The United States government has resettled more Christian refugees in the last decade than refugees of other religions, even though the nation continues to resettle fewer Syrian Christians than Syrian Muslims.
Much has been made about the low numbers of Syrian Christian refugees that have been resettled into the United States since the beginning of fiscal year 2016.
Although the Obama administration has a goal of resettling over 10,000 Syrian refugees this year, just 35 of the 7,551 Syrian refugees resettled into the country from last October through the end of July have been Christian, according to CNS News. Meanwhile, over 7,432 have been Sunni Muslim. more >>
Seven years ago, on a cold day in December 2009, I entered Elizabeth Detention Center in Elizabeth, N.J. — a minimum-security prison on a pilgrimage organized by the Interfaith Center of New York and Human Rights First. This one-day journey ushered me into the story of immigrants in the New York and New Jersey area, and changed my life.
"Immigrants without papers are picked up at JFK Airport, off the street, or taken from their families without warning and taken to Elizabeth Detention Center. They mark time behind bars in cinderblock cells. But they are not criminals. They look like you and me — just replace the suit or the jeans, sweater, and colorful scarf with a standard issue blue jumpsuit. more >>
Evangelist Franklin Graham said allowing tens of thousands of Muslim refugees into the United States, as President Barack Obama wants, could mean attacks on Christians in the country just as they are being targeted elsewhere, pointing to the killing of a Christian priest in Normandy, France, last week.
"President Barack Obama, Hillary Clinton, and some other politicians want to allow tens of thousands of Muslim refugees into this country. A few days ago two Muslim men went into a Catholic Church in France in the name of ISIS and brutally slit the throat of an 85-year-old priest," Graham, president of Samaritan's Purse and Billy Graham Evangelistic Association, wrote in a Facebook post.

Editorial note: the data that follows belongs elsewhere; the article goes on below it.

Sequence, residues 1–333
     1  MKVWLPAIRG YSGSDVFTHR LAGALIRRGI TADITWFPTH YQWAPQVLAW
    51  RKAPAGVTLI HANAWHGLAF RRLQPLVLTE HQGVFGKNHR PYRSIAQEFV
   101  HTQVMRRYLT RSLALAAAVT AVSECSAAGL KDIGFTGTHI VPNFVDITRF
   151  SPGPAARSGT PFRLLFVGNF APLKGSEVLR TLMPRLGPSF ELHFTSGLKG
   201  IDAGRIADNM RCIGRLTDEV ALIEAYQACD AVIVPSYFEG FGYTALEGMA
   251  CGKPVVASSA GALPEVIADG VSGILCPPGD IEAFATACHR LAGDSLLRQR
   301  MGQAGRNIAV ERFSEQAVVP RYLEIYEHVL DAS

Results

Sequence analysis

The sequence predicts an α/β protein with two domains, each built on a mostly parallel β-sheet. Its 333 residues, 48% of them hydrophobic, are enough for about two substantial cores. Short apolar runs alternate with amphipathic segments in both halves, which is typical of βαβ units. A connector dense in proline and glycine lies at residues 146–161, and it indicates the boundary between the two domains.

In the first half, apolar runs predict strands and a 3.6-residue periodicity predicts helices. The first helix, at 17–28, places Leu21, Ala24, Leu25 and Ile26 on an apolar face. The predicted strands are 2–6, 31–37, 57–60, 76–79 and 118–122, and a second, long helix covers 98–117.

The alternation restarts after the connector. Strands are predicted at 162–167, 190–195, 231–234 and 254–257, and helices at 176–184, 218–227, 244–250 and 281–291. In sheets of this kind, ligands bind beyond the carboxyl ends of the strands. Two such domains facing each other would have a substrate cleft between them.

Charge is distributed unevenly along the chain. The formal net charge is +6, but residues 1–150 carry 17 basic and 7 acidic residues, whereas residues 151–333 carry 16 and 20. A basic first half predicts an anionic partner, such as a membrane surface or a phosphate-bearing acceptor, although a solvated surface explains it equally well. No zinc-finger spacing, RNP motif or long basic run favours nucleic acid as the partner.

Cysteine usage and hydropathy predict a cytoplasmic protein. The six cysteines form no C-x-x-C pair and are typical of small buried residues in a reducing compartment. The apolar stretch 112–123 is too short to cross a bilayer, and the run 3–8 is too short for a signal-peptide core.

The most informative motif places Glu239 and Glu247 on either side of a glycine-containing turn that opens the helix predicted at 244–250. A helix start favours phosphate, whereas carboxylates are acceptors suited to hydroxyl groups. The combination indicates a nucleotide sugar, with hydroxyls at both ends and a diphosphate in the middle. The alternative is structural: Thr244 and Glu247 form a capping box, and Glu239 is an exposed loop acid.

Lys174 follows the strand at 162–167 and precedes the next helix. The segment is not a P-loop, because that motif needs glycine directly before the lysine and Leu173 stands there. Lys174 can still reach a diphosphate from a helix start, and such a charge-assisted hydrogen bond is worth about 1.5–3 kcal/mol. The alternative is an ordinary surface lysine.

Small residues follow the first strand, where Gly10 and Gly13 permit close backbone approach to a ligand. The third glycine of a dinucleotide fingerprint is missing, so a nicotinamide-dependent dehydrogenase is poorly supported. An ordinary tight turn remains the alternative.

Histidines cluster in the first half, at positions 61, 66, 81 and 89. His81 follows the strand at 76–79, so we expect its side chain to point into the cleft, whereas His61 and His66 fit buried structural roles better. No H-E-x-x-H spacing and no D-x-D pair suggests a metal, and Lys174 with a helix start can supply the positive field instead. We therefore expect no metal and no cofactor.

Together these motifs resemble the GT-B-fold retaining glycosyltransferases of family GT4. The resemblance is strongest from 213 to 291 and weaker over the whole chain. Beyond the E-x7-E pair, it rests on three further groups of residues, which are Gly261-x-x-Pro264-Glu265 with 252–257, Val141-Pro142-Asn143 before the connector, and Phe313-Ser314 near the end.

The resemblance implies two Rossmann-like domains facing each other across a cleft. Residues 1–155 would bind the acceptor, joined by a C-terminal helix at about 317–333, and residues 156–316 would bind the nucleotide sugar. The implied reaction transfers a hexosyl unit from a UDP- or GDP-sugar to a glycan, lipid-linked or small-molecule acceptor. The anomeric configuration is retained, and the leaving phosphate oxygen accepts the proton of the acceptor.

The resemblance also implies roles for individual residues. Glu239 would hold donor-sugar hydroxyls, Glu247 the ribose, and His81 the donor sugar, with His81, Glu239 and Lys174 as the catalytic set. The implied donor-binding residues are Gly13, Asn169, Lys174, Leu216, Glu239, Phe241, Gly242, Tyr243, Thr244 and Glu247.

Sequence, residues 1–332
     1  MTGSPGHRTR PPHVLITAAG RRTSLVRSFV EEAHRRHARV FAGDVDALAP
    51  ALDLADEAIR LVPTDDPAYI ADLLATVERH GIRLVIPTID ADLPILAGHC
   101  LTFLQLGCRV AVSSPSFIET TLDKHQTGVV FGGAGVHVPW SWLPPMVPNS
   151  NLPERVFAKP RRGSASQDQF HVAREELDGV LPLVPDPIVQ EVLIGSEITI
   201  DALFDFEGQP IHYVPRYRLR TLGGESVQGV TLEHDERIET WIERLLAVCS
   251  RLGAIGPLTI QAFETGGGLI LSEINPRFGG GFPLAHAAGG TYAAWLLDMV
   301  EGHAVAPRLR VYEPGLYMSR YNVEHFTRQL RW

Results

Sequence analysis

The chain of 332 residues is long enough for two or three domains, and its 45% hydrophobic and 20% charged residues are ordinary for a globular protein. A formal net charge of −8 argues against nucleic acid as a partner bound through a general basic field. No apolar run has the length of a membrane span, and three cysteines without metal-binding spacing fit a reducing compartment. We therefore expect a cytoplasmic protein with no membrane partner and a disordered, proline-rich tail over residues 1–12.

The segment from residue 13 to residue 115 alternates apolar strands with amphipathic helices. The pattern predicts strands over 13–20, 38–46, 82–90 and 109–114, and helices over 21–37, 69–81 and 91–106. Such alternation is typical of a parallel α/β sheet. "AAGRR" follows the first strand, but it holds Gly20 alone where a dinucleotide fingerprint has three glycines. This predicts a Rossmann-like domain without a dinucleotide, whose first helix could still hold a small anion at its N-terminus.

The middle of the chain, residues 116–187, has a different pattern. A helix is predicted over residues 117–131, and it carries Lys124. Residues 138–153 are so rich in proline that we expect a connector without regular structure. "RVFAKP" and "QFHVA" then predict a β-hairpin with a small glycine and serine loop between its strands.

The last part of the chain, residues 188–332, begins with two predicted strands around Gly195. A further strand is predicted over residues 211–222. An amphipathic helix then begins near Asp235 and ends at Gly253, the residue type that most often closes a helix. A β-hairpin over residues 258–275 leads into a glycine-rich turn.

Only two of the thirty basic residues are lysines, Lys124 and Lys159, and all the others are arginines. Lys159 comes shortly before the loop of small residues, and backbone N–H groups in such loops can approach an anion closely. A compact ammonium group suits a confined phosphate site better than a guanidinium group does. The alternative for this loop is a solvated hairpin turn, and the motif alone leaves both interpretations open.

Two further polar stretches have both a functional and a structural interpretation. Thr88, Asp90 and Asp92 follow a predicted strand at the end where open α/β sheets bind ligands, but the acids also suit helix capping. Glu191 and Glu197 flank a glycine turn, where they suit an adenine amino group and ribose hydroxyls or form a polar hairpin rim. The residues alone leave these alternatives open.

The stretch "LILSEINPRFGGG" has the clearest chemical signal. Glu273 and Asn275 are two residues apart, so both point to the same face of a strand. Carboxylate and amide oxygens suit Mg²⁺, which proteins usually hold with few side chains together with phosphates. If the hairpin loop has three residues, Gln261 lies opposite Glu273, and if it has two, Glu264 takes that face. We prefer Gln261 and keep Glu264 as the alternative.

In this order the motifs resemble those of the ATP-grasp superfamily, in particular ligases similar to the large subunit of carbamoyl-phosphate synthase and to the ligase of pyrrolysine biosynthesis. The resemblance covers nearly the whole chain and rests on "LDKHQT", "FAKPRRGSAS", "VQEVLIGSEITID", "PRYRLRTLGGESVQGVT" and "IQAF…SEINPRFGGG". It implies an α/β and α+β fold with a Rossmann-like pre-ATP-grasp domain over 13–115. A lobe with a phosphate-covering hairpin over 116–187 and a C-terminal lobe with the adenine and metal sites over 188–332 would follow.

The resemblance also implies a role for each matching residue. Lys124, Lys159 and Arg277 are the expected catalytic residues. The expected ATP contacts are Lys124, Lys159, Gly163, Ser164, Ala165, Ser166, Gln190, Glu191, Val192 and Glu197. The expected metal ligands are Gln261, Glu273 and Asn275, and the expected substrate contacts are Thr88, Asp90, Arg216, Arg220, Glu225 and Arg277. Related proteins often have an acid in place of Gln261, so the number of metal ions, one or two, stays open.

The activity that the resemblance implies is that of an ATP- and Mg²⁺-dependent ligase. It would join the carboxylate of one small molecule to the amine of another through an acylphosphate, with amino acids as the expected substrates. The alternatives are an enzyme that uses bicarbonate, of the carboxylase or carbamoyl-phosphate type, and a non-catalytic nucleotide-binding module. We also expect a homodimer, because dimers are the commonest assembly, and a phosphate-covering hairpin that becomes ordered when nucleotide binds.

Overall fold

"The self-proclaimed ISIS soldiers shouted 'Allahu Akbar' as they ran from the church," Graham pointed out, adding, "Unless something is done, it's just a matter of time before we see this happen here in the United States." more >>
Former President Bill Clinton painted his wife, Democratic presidential nominee Hillary Clinton, as the "best darn change-maker I have ever known" and the only "real" choice for president Tuesday night at the Democratic National Convention.
In perhaps the longest speech yet of the convention being held at the Wells Fargo Center in Philadelphia, Clinton ignited passionate support for his wife among delegates when he recalled her experience as a public servant who spent much of her career working to help the disenfranchised and promoting social justice — a concept she was introduced to, he said, by her Methodist youth minister during the early stages of her career.
And all the while as she did much of this work she was also juggling motherhood and marriage. more >>
France experienced a horrific terrorist attack Thursday evening that claimed the lives of 84 people and left 202 injured. The tragedy comes less than a year after the Paris attacks that killed more than 100 people.
On Bastille Day on the French Riveria, 31-year-old Tunisian-born Frenchman Mohamed Bouhlel drove a truck into a crowded area of Nice.
Below is a timeline of what took place, as events unfolded that evening and well into the following day. more >>
Presumptive Republican presidential candidate Donald Trump is trailing his Democratic contender Hillary Clinton in support among Hispanic registered voters, but Clinton is nearly statistically tied to Trump if the margin of error is taken into account among English-dominant Hispanics, according to a new poll by Pew Research.
Clinton, the presumptive Democratic nominee, has a 66 percent to 24 percent advantage over Trump among Hispanic registered voters, but her Republican rival Trump is almost even with her among English-dominant speakers with 41 percent support, compared to her 48 percent, when the margin of error of 6.7 percent is taken into account, the poll found, which means they are statistically even.
Before the 2012 election, the then Republican presidential nominee Mitt Romney had the support of 21 percent Hispanic voters, and in 2008, the then GOP candidate Sen. John McCain had 23 percent support. more >>